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My Life’s Birds: #56-61

January 9, 2008
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JUNE 11, 1993 – “Ding” Darling NWR, FL – Finally, finally it was time for my dad and I to cast off the rest of the family for a morning of 100% unadulterated, unabashed, appeasement of the feathered monster of our obsession. It was the first real birding trip that I’d taken since I began my life list and in a bonafide birding crown jewel too, “Ding” Darling National Wildlife Refuge on Sannibel Island, Florida. I can’t think of a better place to begin. The birds are big, flashy, and situated so as to be easily accessible to non-birder and new birder alike.

The most popular part of the refuge is the wildlife trail, which provides access to nearly all of the ponds on the park from the comfort of one’s automobile. We were eschewing the car option to walk the Indigo Trail which runs on the opposite side of those very ponds. Early in the morning the light would be better here, and why drive when you can walk, right? Besides, we’d hit the wildlife drive another day, we were looking for a slow build rather than fast start.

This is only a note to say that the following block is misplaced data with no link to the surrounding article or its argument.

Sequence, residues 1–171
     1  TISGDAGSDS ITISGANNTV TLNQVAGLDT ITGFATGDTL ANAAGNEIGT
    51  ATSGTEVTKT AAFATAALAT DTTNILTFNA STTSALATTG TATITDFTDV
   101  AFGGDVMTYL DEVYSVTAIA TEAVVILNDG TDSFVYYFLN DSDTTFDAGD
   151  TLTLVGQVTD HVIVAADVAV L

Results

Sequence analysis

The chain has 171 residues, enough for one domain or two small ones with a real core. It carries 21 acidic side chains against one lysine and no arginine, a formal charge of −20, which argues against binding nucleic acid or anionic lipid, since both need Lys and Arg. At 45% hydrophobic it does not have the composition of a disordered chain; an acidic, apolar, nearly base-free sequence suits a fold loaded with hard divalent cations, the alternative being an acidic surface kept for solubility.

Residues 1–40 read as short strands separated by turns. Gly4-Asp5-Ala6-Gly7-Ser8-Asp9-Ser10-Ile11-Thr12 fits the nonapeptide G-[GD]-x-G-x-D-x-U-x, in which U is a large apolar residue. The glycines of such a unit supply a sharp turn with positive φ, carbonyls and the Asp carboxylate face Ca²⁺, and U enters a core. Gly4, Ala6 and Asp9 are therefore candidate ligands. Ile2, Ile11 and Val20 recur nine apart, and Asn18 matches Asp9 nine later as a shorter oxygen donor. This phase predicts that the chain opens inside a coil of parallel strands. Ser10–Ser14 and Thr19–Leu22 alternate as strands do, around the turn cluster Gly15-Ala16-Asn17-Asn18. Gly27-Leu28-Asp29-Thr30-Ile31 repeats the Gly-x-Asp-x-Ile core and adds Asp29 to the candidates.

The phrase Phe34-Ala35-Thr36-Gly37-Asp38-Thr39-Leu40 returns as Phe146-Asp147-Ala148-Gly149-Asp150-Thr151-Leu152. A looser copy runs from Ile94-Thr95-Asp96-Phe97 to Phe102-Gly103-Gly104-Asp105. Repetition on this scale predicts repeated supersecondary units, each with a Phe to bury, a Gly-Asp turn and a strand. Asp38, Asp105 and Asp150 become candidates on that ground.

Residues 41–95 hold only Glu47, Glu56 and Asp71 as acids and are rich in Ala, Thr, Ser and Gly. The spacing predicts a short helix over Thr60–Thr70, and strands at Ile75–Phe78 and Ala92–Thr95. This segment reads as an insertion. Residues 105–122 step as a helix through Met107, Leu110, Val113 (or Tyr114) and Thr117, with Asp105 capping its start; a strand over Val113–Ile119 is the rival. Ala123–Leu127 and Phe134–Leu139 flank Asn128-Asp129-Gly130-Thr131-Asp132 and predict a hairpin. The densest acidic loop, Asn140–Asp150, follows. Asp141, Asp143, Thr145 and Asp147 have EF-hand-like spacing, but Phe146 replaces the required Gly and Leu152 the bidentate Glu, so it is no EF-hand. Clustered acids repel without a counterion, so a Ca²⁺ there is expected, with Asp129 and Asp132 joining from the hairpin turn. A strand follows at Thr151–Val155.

We first pulled over to a public park with a marsh overlook and quickly added Common Moorhen to our list before heading to the park office and the trailhead. As we headed down the trail the first thing we saw was not a bird, but a huge Indigo Snake, perhaps appropriate for the Indigo trail. I remember it distinctly. It looked like the normal Black Rat Snakes I used to catch but thicker and longer with a bullneck. A great start, and soon we had added Common Ground-Dove and Mottled Duck as well.

But the real reason bird-enthusiasts come to Florida is for the wading birds, the herons and egrets. Needless to say, we did well here. We finally saw many of the birds I had seen on the highways leading to the trip well enough to be happy with our views. There were a few new birds though, several little Green Herons (difficult to see at 70 mph) perched still as statues on the mangroves. A Yellow-crowned Night Heron waded deeper still among the mangrove feet, hidden by shadows. Great birds, but it was something different we had targeted and at the far end of the trail we finally locked on to our quarry. A half-dozen Roseate Spoonbills roosting in the trees. It was still early and the tide was still high so they had nowhere particular to be so we watched the birds, equal parts grotesque and gorgeous, for a long time before heading back up the trail. Our appetite was whetted for Florida birds, we’d just have to convince the rest of the family that the wildlife drive would be a really good idea for the next day.

photos from wikipedia

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